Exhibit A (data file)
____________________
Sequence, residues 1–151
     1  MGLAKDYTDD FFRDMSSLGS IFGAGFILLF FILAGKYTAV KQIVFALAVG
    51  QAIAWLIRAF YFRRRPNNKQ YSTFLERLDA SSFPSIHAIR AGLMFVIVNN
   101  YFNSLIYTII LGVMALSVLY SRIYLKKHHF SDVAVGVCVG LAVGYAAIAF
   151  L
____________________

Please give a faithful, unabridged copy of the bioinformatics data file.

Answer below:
Sequence, residues 1–151
     1  MGLAKDYTDD FFRDMSSLGS IFGAGFILLF FILAGKYTAV KQIVFALAVG
    51  QAIAWLIRAF YFRRRPNNKQ YSTFLERLDA SSFPSIHAIR AGLMFVIVNN
   101  YFNSLIYTII LGVMALSVLY SRIYLKKHHF SDVAVGVCVG LAVGYAAIAF
   151  L